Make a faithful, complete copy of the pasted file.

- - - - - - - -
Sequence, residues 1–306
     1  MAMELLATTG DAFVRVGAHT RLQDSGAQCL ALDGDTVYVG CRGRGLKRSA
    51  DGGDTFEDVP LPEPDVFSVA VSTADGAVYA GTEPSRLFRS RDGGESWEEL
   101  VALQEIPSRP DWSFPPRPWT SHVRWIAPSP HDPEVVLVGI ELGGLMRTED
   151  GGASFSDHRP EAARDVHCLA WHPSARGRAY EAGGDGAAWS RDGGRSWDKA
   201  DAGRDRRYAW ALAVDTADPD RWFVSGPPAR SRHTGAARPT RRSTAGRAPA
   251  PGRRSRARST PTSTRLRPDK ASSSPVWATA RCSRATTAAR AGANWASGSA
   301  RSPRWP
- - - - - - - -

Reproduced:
Sequence, residues 1–306
     1  MAMELLATTG DAFVRVGAHT RLQDSGAQCL ALDGDTVYVG CRGRGLKRSA
    51  DGGDTFEDVP LPEPDVFSVA VSTADGAVYA GTEPSRLFRS RDGGESWEEL
   101  VALQEIPSRP DWSFPPRPWT SHVRWIAPSP HDPEVVLVGI ELGGLMRTED
   151  GGASFSDHRP EAARDVHCLA WHPSARGRAY EAGGDGAAWS RDGGRSWDKA
   201  DAGRDRRYAW ALAVDTADPD RWFVSGPPAR SRHTGAARPT RRSTAGRAPA
   251  PGRRSRARST PTSTRLRPDK ASSSPVWATA RCSRATTAAR AGANWASGSA
   301  RSPRWP